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With an astounding winning streak uninterrupted from their revolutionary 1995 debut Toy Story through 2004's Incredibles, Pixar Animation Studios were due a hiccup. While 2006's hit Cars is just as technically adroit and visually stunning as the studio's six previous features, it's not nearly as solid in the areas that distinguished its predecessors from other computer-animated films: story and character. Set in a world occupied by anthropomorphized vehicles, Cars tells the tale of cocky rookie race car Lightning McQueen (voiced by Owen Wilson), a selfish up-and-comer desperate for a premier endorsement. However, while en route to a career-making race, Lightning is arrested for recklessly tearing up the desolate town of Radiator Springs and is forced into labor to pay for the damage. Once he resigns himself to his punishment, the good old cars of Radiator Springs begin to puncture Lightning's shallow veneer of self-importance, and Lightning not only grows to love the natural beauty of the dying Route 66 tourist spot, but he also learns some valuable racing tricks from an old-time has-been with a crusty heart of chrome (Paul Newman). Director John Lasseter (who co-directed with Joe Ranft, and co-wrote with Ranft and eight others) describes Cars as a very personal project inspired by his childhood love of cars, and the movie is full of cute references and automotive in-jokes, but the screenplay fails to relay any substantial inspiration. The theme of old-discarded-for-new is a sentiment recycled from the far superior Toy Story franchise, only this time recast with a few familiar sports clichés. The film's major pothole, however, is that Lightning is a poor protagonist, cut from the tired Tom Cruise archetype of brash hot shots who reluctantly learn to care for others, and the film's animators fail to make their mechanical subjects humanly expressive enough to surmount such an obstacle to empathy. Further, the motorized milieu manifests in a noisy and aggressive style, devoid for at least the first half of the movie of the small charms that informed previous Pixar productions, so by the time Lightning begins his heroic turn and the movie becomes more engaging, it's hard to muster much interest in the outcome. Also with voices by Bonnie Hunt, Larry The Cable Guy, Cheech Marin, Tony Shalhoub, Guido Quaroni, Jenifer Lewis, Paul Dooley, Michael Wallis, George Carlin, Katherine Helmond, John Ratzenberger, Joe Ranft, Michael Keaton, Richard Petty, Jeremy Piven, Bob Costas, Darrell Waltrip, Richard Kind, Edie McClurg, H.A. 'Humpy' Wheeler, Tom Magliozzi, Ray Magliozzi, Lynda Petty, Andrew Stanton, Dale Earnhardt Jr., Michael Schumacher, Jay Leno, and Mario Andretti. Buena Vista's DVD release of Cars offers an excellent anamorphic transfer (2.39:1) with Dolby Digital 5.1 EX and Dolby Digital 2.0 Surround audio. Extras include the new animated short "Mater and the Ghostlight," the Academy Award-nominated animated short "One Man Band," plus a featurette about John Lasseter's inspiration for Cars (16 min.) and four deleted (and never fully drawn) scenes. Keep-case.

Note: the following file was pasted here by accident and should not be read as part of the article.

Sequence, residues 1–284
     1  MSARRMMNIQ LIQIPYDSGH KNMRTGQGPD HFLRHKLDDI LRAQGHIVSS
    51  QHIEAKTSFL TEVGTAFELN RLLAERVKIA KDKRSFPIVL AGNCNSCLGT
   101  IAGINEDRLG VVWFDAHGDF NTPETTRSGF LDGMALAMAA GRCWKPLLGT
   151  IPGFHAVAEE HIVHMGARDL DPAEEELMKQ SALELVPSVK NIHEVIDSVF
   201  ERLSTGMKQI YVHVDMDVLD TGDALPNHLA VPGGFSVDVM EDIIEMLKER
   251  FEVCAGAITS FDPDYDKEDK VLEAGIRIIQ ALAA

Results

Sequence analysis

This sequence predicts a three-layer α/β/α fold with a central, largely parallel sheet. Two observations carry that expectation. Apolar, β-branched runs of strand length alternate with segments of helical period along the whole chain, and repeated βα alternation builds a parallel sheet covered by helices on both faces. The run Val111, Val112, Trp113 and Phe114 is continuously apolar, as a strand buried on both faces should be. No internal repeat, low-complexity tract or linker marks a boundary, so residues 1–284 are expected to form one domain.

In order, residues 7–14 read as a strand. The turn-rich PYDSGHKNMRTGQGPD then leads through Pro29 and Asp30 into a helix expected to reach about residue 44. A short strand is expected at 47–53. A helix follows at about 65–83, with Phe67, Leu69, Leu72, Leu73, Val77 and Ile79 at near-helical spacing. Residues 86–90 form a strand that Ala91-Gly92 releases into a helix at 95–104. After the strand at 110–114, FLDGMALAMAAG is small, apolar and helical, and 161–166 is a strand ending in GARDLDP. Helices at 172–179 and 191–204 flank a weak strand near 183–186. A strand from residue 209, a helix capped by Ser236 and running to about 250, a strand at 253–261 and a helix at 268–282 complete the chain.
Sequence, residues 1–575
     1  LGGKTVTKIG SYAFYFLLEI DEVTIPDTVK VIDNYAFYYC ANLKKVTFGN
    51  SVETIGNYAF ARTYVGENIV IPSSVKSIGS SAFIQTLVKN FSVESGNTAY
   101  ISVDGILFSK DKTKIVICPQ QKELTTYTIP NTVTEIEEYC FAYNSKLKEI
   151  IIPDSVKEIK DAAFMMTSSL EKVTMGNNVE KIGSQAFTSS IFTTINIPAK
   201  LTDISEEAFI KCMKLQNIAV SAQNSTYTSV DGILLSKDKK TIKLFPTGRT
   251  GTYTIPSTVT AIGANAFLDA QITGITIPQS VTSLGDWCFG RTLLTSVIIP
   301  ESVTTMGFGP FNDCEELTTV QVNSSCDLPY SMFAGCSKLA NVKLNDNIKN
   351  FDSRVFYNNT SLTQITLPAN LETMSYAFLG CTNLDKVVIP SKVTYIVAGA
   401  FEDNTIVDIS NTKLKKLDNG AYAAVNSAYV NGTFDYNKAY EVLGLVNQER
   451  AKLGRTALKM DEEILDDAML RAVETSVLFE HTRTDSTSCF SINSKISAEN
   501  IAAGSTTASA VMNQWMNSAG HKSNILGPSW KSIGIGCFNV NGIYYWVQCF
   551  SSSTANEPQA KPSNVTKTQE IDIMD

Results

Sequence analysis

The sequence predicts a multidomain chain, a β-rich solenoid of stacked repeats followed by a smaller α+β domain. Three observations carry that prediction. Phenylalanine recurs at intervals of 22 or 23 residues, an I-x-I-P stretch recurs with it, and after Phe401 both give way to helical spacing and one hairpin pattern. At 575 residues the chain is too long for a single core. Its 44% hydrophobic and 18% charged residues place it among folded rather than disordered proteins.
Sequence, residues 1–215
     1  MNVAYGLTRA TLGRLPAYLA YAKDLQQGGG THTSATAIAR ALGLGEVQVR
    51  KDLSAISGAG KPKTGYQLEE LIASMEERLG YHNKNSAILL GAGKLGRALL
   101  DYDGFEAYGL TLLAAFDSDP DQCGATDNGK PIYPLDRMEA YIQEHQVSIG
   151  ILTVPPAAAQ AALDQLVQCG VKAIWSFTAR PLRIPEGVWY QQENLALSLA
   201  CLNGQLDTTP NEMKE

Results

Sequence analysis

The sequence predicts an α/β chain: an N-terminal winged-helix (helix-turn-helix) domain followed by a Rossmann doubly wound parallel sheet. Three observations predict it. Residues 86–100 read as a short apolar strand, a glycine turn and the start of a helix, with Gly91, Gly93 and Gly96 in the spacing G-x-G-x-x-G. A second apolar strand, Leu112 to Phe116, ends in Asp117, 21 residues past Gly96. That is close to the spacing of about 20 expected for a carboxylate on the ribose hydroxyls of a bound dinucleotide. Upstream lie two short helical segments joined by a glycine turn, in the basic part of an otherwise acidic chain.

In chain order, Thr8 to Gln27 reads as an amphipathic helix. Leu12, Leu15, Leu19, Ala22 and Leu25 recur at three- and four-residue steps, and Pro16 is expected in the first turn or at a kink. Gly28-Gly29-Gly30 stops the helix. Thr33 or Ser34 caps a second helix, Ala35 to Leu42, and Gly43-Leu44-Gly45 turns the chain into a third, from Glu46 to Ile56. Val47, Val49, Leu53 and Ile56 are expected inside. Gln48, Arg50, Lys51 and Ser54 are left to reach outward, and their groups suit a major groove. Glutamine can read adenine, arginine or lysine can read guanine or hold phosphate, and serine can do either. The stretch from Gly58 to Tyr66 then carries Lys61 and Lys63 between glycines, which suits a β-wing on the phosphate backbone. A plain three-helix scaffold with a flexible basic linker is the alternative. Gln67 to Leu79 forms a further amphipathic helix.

—Gregory P. Dorr

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